Surface-modified reverse osmosis membranes applying a copolymer film to reduce adhesion of bacteria as a strategy for biofouling control

Matin, Asif, Khan, Z., Gleason, K. K., Khaled, Mazen, Zaidi, S. M. J., Khalil, Amjad, Moni, Priya and Yang, Rong (2014) Surface-modified reverse osmosis membranes applying a copolymer film to reduce adhesion of bacteria as a strategy for biofouling control. Separation and Purification Technology, 124 117-123. doi:10.1016/j.seppur.2013.12.032


Author Matin, Asif
Khan, Z.
Gleason, K. K.
Khaled, Mazen
Zaidi, S. M. J.
Khalil, Amjad
Moni, Priya
Yang, Rong
Title Surface-modified reverse osmosis membranes applying a copolymer film to reduce adhesion of bacteria as a strategy for biofouling control
Journal name Separation and Purification Technology   Check publisher's open access policy
ISSN 1383-5866
1873-3794
Publication date 2014-03-18
Year available 2014
Sub-type Article (original research)
DOI 10.1016/j.seppur.2013.12.032
Open Access Status
Volume 124
Start page 117
End page 123
Total pages 7
Place of publication Kidlington, Oxford, United Kingdom
Publisher Pergamon
Collection year 2015
Language eng
Formatted abstract
The hydrophilic hydroxyethyl methacrylate (HEMA) and the hydrophobic perfluoro decylacrylate (PFDA) were copolymerized and deposited on different substrates using an initiated chemical vapor deposition (iCVD) technique. By adjusting the relative flow rates of the two monomer gases, it was possible to control both the chemistry and thickness of the deposited films. Copolymers of different chemistries were first deposited on quartz crystals and the adsorption of a model polysaccharide, sodium alginate, was studied with the help of Quartz Crystal Microscopy (QCM). The copolymer film with amphiphilic chemistry showed considerably less foulant adsorption in comparison with the pure homopolymers i.e. PHEMA and PPFDA. The films were then deposited on commercial RO membranes and the modified surfaces characterized with AFM, CA and XPS. Resistance to bacterial adhesion was examined for the coated membranes by carrying out short-term batch studies with Escherichia coli cells. Among the different film chemistries, the membrane with the copolymer film of amphiphilic chemistry (∼40% PFA) showed the least microbial attachment. Bacterial adhesion tests were then repeated with the unmodified RO membrane and the membrane coated with the optimum chemistry. A quantitative analysis revealed that the presence of the amphiphilic copolymer film on the membrane results in a reduction of attached bacteria by about two orders of magnitude. To summarize, the surface modification of membranes with an initiated CVD technique presents a potentially effective strategy for the control of membrane biofouling.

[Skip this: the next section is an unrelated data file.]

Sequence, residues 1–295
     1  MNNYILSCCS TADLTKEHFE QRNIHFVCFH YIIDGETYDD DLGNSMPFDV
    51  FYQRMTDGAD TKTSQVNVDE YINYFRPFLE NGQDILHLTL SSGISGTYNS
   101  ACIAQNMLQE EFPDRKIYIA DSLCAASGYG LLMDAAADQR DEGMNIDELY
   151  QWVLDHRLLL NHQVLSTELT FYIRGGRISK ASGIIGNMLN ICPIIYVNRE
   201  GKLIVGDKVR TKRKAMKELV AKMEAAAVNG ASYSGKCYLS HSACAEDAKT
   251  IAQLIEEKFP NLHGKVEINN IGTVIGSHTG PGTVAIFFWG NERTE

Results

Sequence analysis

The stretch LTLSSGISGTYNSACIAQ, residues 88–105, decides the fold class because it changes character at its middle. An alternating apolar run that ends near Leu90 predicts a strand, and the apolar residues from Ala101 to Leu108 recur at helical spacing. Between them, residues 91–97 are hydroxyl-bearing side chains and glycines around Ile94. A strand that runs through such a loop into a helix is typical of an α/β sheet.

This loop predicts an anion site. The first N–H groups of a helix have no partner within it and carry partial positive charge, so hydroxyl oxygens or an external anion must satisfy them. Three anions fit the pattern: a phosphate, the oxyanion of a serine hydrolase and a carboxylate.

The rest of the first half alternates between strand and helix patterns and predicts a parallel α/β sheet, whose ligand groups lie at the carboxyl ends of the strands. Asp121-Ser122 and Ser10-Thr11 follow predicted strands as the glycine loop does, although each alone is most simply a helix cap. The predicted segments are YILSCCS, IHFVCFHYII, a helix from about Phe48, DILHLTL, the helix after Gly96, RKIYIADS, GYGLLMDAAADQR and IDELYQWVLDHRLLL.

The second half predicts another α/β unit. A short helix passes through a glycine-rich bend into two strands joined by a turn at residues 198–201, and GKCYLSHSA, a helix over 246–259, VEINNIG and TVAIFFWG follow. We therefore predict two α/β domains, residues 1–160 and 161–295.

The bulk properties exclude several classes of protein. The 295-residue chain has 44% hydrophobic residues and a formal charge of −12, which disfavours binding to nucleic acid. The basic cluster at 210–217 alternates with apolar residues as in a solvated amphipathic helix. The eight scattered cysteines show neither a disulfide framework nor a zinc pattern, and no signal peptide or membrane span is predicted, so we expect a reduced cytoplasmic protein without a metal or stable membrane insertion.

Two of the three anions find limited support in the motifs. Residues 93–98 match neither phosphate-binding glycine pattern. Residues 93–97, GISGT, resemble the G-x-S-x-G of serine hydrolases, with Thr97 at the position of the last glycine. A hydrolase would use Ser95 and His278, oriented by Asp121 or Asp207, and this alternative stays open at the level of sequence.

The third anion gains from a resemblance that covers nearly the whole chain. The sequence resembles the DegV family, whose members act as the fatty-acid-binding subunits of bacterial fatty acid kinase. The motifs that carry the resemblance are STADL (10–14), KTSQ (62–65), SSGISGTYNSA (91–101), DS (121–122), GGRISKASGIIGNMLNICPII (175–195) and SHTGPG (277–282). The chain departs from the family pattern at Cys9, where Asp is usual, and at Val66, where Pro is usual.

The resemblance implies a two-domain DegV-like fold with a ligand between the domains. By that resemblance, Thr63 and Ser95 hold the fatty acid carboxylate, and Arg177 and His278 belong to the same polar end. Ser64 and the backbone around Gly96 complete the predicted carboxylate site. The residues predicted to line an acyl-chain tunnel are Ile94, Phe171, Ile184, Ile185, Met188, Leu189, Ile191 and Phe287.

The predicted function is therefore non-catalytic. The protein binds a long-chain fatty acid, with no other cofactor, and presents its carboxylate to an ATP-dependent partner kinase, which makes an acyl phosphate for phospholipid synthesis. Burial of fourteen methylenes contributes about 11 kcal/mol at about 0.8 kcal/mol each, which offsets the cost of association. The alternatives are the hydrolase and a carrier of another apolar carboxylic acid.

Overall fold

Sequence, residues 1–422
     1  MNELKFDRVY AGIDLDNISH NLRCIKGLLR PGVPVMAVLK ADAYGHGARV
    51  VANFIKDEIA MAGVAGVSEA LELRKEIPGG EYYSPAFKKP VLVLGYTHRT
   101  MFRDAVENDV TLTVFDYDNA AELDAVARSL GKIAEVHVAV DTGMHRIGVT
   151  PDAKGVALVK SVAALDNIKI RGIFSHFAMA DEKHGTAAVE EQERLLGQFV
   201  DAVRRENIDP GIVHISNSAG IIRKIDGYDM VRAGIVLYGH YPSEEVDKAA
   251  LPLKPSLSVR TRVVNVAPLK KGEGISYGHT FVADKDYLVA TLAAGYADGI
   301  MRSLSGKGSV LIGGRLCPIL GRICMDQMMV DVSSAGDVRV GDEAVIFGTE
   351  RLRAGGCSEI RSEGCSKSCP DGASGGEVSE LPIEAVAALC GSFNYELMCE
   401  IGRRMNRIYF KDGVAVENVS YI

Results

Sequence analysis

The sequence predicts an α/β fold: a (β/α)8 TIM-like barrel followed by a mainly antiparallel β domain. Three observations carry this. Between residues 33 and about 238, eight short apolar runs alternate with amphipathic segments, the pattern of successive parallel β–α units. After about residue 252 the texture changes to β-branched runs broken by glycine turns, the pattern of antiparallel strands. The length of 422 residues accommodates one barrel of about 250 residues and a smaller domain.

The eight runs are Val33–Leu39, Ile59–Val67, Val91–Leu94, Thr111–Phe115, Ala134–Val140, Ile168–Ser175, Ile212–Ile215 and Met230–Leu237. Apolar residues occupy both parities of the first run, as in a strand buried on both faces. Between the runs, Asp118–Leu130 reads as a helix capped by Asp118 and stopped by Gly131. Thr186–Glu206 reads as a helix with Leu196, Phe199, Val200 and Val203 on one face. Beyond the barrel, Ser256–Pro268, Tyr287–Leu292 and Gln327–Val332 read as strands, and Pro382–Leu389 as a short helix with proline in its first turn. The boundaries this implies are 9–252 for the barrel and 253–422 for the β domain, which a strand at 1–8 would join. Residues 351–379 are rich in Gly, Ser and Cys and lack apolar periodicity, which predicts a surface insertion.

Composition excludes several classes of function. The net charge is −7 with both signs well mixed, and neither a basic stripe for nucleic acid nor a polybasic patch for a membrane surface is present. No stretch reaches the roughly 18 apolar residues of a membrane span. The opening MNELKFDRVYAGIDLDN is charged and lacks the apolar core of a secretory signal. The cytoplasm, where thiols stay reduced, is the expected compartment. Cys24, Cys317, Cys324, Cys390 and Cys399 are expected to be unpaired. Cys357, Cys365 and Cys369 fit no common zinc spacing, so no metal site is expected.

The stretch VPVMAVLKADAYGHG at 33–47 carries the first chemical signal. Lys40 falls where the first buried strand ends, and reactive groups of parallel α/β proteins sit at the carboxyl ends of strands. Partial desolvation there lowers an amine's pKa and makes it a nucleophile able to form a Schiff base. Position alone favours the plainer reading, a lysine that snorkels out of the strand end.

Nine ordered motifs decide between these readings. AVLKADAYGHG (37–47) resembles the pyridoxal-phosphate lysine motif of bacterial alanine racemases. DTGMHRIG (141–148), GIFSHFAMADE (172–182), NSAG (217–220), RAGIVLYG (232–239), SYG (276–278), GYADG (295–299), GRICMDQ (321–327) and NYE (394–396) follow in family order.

Keyword Bacterial adhesion
Biofouling
Reverse osmosis
Surface modification
Q-Index Code C1
Q-Index Status Confirmed Code
Institutional Status UQ

Document type: Journal Article
Sub-type: Article (original research)
Collections: Official 2015 Collection
Australian Institute for Bioengineering and Nanotechnology Publications
 
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